Our weekly reading list of the people, places, and discussions taking place in food insecurity across the country.
When we think about the need to feed the hungry, we often think about increasing food production. As John Oliver’s scathing criticism of America’s food waste problem reminded us last week, this obsession with food quantity overshadows some of our food system’s more sinister realities. The fact that about a third of the food produced worldwide for human consumption is wasted is one of modern agriculture’s most embarrassing secrets. Producing all that wasted food accounts for up to 10% of global greenhouse gas emissions, a quarter of all water used for agriculture, an annual environmental cost of 750 billion USD, and a land area the size of Mexico. Meanwhile, close to a billion people suffer from chronic undernourishment.
Read the full story on Yale EPI.
In mid-September 2010, almost exactly two years to the date since the monumental collapse of Lehman Brothers, the New York Times published a bleak statistic: the ongoing Great Recession had driven the U.S. poverty rates to their highest in a decade and a half.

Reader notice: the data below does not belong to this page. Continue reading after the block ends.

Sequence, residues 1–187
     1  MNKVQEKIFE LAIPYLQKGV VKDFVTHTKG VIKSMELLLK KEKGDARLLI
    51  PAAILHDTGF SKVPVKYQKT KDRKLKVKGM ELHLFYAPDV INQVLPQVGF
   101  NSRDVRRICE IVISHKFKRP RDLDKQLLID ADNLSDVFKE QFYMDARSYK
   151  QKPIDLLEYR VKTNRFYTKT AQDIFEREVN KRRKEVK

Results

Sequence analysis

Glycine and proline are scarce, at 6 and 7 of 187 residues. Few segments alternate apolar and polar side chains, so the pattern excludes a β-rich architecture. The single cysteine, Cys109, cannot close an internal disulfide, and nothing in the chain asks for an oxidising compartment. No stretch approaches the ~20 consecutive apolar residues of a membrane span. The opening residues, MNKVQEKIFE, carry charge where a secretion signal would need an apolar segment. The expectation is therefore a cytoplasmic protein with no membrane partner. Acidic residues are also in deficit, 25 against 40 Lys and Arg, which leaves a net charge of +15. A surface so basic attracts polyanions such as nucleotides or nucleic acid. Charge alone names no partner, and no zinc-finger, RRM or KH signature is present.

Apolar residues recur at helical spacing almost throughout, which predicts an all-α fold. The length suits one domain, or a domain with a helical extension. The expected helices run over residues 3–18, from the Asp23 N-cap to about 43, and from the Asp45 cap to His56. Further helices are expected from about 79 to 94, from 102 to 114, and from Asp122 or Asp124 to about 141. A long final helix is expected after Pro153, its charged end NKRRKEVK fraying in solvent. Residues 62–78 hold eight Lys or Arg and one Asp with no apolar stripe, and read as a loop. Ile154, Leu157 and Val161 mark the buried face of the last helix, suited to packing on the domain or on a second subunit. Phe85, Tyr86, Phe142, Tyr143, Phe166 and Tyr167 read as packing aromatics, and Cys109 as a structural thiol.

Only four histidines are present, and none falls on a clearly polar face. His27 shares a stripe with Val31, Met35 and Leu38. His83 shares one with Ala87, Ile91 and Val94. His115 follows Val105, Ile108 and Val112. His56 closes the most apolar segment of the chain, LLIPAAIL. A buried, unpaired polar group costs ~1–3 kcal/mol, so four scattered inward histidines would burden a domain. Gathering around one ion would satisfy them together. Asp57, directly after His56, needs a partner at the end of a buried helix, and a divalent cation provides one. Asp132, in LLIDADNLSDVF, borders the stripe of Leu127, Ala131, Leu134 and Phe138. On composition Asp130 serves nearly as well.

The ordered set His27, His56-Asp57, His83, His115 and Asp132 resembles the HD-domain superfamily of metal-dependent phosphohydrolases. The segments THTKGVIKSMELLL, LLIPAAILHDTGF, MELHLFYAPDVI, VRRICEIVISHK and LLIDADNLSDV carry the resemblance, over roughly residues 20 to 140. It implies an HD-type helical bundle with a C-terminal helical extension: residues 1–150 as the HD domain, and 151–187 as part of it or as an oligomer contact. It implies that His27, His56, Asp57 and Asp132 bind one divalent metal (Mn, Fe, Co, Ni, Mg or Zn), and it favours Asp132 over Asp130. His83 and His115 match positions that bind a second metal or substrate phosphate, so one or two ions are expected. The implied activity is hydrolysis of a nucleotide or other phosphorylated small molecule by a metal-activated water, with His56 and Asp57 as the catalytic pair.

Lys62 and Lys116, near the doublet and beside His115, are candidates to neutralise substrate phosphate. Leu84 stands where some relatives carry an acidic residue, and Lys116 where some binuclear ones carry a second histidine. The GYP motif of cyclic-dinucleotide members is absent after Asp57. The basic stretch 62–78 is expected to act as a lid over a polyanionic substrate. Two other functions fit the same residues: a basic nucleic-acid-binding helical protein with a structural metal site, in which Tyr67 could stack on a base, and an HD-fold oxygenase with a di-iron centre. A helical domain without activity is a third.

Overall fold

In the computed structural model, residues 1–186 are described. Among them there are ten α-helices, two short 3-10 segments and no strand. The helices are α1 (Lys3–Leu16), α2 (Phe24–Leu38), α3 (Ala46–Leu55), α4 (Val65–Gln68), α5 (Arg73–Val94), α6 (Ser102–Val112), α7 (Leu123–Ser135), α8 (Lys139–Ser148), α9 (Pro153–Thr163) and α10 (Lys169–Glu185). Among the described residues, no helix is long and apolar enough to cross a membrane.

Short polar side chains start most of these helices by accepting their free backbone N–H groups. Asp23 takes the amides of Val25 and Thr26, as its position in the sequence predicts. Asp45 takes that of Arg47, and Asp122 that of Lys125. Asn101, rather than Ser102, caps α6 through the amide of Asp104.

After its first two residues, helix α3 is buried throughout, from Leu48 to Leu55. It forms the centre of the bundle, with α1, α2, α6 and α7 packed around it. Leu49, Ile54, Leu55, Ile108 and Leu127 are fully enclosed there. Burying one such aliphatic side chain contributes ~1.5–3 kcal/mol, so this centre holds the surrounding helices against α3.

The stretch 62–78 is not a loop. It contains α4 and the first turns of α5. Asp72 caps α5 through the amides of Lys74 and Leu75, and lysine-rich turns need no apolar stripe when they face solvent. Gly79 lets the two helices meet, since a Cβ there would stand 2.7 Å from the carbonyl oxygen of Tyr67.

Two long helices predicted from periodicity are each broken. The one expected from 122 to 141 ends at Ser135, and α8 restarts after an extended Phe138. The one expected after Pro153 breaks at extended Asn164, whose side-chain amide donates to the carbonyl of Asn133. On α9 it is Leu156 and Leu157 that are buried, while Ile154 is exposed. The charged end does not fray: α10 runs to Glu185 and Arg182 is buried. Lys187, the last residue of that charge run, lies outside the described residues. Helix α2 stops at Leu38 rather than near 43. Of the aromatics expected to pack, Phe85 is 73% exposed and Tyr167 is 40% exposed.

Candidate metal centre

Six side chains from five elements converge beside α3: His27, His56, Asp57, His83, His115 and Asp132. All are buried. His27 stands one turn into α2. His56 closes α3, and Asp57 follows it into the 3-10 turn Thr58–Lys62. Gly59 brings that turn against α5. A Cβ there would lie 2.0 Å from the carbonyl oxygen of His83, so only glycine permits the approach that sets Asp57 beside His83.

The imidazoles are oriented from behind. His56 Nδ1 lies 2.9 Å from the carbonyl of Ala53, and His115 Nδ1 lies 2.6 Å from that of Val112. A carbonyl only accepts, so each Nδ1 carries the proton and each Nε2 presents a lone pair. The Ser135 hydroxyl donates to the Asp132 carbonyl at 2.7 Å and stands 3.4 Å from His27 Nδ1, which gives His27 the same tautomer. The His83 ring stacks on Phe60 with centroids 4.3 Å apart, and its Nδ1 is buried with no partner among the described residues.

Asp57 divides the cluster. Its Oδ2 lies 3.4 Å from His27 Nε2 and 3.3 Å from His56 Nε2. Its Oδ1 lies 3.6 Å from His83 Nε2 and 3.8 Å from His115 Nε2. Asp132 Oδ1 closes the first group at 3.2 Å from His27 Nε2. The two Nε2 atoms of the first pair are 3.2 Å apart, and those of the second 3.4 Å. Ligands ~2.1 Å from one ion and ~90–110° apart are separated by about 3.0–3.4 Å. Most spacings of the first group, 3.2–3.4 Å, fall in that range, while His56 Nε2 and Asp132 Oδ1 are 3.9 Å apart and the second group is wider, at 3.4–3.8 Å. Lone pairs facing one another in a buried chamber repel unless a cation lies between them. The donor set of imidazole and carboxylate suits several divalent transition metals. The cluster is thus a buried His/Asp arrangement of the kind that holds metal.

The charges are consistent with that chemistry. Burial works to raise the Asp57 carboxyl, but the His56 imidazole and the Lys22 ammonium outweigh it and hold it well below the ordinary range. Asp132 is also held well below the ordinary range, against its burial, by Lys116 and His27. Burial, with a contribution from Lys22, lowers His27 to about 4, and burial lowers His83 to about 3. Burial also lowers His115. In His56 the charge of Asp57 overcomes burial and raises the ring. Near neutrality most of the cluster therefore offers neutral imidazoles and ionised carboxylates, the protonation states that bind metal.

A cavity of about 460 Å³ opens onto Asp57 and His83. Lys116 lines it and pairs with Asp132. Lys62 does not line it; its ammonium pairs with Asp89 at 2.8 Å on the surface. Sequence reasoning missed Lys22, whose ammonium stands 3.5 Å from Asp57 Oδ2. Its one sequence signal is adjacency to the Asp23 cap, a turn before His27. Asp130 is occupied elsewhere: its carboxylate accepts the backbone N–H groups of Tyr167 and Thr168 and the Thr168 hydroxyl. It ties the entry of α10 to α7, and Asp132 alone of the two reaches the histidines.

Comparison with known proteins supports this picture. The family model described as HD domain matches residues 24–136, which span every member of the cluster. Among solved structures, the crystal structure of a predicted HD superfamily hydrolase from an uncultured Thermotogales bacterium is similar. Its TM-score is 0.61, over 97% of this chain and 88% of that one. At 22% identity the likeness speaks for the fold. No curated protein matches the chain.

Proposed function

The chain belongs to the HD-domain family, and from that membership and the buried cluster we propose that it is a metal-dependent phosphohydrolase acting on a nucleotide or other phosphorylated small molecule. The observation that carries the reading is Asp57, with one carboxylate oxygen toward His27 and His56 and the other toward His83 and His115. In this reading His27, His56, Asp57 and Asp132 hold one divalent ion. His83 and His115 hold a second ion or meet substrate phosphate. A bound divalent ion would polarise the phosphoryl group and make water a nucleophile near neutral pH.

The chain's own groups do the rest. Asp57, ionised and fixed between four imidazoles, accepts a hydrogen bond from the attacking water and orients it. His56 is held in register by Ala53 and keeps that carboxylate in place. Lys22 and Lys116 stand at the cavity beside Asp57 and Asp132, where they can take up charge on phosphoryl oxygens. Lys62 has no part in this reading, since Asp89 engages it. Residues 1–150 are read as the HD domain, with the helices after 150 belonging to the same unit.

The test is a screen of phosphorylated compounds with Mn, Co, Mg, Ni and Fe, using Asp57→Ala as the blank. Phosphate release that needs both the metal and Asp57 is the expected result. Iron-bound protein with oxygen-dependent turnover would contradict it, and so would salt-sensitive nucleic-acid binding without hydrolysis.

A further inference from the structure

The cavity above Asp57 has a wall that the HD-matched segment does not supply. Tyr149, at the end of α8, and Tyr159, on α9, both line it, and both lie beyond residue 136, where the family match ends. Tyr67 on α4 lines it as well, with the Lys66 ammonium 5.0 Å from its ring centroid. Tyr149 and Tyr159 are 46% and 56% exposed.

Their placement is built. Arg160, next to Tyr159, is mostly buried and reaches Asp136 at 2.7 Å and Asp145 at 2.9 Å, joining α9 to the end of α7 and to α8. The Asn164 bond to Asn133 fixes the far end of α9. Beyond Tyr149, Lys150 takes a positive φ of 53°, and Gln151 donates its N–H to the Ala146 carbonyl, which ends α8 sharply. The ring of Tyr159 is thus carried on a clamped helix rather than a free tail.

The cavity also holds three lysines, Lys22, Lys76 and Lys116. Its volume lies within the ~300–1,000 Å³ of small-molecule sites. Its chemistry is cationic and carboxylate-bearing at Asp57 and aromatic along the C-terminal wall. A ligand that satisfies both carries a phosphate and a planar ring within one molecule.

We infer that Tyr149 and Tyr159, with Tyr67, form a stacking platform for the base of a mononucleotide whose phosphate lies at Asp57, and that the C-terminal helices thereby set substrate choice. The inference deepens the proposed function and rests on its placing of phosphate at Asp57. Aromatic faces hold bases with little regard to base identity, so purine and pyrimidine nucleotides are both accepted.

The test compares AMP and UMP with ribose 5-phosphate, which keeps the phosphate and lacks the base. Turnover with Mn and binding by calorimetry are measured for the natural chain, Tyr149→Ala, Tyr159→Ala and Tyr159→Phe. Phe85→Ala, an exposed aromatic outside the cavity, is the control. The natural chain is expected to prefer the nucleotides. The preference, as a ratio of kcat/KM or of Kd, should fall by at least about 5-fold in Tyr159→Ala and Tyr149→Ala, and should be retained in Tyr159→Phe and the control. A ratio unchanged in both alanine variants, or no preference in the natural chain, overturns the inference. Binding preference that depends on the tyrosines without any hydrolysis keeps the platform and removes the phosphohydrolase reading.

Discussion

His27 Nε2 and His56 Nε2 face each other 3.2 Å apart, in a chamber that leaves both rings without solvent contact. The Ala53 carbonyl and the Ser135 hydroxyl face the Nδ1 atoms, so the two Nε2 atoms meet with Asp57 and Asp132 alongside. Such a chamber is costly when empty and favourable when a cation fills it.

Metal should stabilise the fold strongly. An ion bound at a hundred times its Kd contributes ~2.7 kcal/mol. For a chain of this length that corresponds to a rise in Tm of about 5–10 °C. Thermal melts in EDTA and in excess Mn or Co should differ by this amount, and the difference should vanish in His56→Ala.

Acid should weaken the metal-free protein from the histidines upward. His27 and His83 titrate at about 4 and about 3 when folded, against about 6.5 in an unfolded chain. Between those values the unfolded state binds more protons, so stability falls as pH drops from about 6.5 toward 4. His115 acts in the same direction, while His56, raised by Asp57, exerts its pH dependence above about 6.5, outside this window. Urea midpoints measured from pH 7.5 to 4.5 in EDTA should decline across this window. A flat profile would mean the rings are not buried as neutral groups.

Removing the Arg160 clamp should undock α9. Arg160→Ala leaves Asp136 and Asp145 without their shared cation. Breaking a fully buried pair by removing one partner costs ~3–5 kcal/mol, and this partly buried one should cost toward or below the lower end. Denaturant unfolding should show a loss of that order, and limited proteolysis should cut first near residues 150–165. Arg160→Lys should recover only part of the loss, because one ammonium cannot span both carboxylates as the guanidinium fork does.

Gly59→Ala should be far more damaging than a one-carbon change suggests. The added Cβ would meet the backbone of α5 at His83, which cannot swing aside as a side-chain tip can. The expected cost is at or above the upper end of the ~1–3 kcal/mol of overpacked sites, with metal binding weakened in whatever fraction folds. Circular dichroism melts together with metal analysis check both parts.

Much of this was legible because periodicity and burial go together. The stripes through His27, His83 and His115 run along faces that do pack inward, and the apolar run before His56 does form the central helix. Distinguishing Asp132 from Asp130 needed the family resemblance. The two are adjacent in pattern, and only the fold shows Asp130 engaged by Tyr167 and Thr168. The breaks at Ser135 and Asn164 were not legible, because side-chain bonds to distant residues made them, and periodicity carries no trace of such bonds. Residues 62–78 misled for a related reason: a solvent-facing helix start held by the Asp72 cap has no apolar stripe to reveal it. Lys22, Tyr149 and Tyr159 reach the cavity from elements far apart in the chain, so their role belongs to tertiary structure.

Five years of fitful economic recovery have not yet bettered this situation. According to a new report from the Annie E. Casey Foundation, more than one in five American children, about 22%, were living in poverty in 2013. Data for 2014 are not yet available, but the report anticipates that the child poverty rate remains at an “unacceptably high [level].”
Read the full story on Time.com
The USDA estimates that 21 percent of food consumers buy goes to waste. It’s bad for our bodies, bad for our wallets, and bad for the planet. Instead of just telling us, the USDA released an app for iPhone and Android that it hopes will help solve the problem by sending us alerts when food is about to go bad.
Read the full story on Modern Farmer.